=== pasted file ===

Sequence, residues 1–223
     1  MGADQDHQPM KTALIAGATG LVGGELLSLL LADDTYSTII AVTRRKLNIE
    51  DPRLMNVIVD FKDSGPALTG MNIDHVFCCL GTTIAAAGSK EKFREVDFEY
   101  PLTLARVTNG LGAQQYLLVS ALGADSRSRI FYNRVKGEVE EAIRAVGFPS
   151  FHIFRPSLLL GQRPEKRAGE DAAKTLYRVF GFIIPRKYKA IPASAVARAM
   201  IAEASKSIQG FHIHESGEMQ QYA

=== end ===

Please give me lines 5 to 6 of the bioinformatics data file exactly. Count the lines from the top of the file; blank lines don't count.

   151  FHIFRPSLLL GQRPEKRAGE DAAKTLYRVF GFIIPRKYKA IPASAVARAM
   201  IAEASKSIQG FHIHESGEMQ QYA